Translation was a crucial force in Japan’s modernization, shaping everything from public policy to the literary world. The field of children’s literature was no exception. Translations of children’s “classics” from English and other major European languages are prominent on the scene from the Meiji period (1868-1912) onward, eventually experiencing an incredible boom after WWII. This panel focuses on developments since the war, even while considering the longer trajectory of the complex relationship between Japanese children’s literature and translation.
Each paper deconstructs the idea of translation as a unidirectional flow, reflecting instead on how the movement of texts enriches children’s literature as a whole, both nationally and internationally. Joan Ericson begins the dialogue with an examination of how Muraoka Hanako’s influential translation of L. M. Montgomery’s Anne of Green Gables (Akage no An, 1953) both addresses the postwar Japanese scenario and reformulates concerns featured in prewar proletarian children’s literature. Hyoseak Choi continues the discussion on the postwar translation boom by examining why Nobel Prize winner Kawabata Yasunari’s 1953 translation of Frances Hodgson Burnett’s Little Lord Fauntleroy was reissued by a major publishing house in 2020. Melek Ortabasi explores the transnational politics of translation by demonstrating how the anime series, Haha wo tazunete sanzenri (3000 Leagues in Search of Mother, 1976), is both a translation as well as a Japanese “original” that was exported back to Europe. Finally, Avery Udagawa reminds us how important it is to continue encouraging the translation of homegrown Japanese children’s literature into English.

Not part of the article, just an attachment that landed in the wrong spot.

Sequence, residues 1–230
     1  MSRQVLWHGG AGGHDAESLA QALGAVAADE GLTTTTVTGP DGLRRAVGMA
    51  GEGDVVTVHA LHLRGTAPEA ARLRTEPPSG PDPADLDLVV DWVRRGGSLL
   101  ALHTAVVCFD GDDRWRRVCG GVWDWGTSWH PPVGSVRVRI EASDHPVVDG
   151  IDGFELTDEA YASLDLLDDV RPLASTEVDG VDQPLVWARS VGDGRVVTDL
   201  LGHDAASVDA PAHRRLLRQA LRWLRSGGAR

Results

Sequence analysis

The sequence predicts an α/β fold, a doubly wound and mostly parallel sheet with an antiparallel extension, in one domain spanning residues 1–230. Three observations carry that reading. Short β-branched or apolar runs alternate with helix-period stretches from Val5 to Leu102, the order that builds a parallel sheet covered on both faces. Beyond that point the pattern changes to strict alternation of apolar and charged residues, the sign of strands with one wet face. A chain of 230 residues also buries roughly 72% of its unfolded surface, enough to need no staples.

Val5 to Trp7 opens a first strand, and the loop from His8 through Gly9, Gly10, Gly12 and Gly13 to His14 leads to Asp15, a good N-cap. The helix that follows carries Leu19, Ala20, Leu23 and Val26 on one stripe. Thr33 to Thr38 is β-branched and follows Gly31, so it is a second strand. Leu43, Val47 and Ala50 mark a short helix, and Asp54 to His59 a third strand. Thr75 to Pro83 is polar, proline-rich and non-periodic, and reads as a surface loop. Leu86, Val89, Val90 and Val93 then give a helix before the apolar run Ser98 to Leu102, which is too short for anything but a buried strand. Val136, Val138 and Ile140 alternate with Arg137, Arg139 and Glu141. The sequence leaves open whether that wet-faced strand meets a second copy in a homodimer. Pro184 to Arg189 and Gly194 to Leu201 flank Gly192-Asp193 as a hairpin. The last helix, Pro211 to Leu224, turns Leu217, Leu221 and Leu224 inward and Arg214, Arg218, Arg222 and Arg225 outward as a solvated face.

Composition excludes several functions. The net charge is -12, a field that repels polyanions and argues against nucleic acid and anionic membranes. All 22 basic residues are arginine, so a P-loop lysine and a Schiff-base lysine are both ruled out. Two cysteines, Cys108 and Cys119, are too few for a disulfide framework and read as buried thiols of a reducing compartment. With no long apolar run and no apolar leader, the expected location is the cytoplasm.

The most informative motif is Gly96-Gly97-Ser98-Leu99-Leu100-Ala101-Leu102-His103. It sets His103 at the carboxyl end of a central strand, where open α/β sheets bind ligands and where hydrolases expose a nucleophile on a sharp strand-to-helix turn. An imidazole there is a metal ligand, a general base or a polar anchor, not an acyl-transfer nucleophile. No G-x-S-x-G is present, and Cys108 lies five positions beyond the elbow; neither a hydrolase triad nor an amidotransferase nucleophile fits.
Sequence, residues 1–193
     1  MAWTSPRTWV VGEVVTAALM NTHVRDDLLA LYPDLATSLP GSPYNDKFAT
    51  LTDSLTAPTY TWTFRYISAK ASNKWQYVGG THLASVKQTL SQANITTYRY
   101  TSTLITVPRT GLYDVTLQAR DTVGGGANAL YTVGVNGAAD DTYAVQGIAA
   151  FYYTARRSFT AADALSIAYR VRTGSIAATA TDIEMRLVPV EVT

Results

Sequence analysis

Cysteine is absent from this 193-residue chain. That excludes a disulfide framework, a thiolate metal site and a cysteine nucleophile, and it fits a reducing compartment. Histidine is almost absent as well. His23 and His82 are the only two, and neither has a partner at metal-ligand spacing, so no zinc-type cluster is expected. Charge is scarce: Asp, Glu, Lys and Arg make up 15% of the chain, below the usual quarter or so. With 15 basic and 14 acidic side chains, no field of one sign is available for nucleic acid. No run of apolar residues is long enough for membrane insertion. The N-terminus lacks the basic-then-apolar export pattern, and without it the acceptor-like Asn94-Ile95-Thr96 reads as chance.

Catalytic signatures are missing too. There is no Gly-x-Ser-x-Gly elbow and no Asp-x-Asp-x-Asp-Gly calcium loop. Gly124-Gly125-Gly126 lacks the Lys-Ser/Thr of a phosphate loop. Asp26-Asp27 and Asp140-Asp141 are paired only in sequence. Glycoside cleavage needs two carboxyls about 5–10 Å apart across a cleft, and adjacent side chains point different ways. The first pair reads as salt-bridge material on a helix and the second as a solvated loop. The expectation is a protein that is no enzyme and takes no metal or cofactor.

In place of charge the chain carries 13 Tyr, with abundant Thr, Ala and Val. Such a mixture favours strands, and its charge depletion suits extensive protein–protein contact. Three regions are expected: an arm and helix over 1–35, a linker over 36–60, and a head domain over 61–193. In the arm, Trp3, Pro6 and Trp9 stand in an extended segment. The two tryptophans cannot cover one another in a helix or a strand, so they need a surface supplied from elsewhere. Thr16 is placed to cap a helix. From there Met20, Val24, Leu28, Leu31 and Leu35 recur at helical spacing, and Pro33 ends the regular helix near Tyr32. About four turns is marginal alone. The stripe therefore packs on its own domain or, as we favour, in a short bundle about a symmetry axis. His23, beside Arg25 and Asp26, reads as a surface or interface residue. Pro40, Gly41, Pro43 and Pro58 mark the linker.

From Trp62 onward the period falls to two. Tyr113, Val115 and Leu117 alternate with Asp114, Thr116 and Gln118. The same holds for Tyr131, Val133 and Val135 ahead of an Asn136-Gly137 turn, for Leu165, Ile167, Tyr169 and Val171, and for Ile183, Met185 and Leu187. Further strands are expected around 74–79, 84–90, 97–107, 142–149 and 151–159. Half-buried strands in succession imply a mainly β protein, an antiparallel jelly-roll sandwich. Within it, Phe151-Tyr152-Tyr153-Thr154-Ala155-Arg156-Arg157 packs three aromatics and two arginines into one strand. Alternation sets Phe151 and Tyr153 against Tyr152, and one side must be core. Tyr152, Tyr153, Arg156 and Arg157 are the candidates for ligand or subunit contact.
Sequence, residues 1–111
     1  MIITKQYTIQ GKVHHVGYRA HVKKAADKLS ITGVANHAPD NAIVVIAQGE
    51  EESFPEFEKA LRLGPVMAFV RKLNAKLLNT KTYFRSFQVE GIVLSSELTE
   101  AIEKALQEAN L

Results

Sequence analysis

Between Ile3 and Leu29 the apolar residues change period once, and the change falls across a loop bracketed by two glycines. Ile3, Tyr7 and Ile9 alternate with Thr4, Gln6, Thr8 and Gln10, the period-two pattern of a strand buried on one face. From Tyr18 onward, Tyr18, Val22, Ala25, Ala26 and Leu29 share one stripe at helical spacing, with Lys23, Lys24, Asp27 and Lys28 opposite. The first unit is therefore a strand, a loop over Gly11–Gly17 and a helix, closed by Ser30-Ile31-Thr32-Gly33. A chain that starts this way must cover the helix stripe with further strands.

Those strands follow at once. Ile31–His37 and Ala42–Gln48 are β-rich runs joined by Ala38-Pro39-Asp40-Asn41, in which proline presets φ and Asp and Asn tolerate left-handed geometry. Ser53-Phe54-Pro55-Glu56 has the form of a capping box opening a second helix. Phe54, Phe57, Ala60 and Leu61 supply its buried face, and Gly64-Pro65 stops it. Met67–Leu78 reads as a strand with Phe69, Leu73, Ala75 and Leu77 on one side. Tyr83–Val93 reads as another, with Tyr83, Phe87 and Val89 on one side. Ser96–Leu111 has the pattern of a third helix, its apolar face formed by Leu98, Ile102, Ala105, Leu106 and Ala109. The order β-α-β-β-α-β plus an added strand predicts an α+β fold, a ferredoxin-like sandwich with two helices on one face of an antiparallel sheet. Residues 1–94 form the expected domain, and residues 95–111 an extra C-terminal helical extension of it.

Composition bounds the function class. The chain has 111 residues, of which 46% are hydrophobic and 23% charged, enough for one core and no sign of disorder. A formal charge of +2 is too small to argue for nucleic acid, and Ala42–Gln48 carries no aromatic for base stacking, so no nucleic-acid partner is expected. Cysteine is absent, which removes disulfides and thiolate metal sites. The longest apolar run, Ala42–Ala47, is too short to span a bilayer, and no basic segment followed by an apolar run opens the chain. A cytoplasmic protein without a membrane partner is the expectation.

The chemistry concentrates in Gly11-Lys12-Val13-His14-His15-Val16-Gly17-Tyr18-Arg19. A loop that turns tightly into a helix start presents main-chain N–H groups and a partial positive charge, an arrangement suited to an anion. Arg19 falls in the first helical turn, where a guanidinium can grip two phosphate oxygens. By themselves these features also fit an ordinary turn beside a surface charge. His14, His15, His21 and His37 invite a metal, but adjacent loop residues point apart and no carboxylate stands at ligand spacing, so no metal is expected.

Paper Presenter: Melek Ortabasi – Simon Fraser University
Paper Presenter: Joan E. Ericson – Colorado College
Paper Presenter: Hyoseak Choi – Columbia University
Paper Presenter: Avery Fischer Udagawa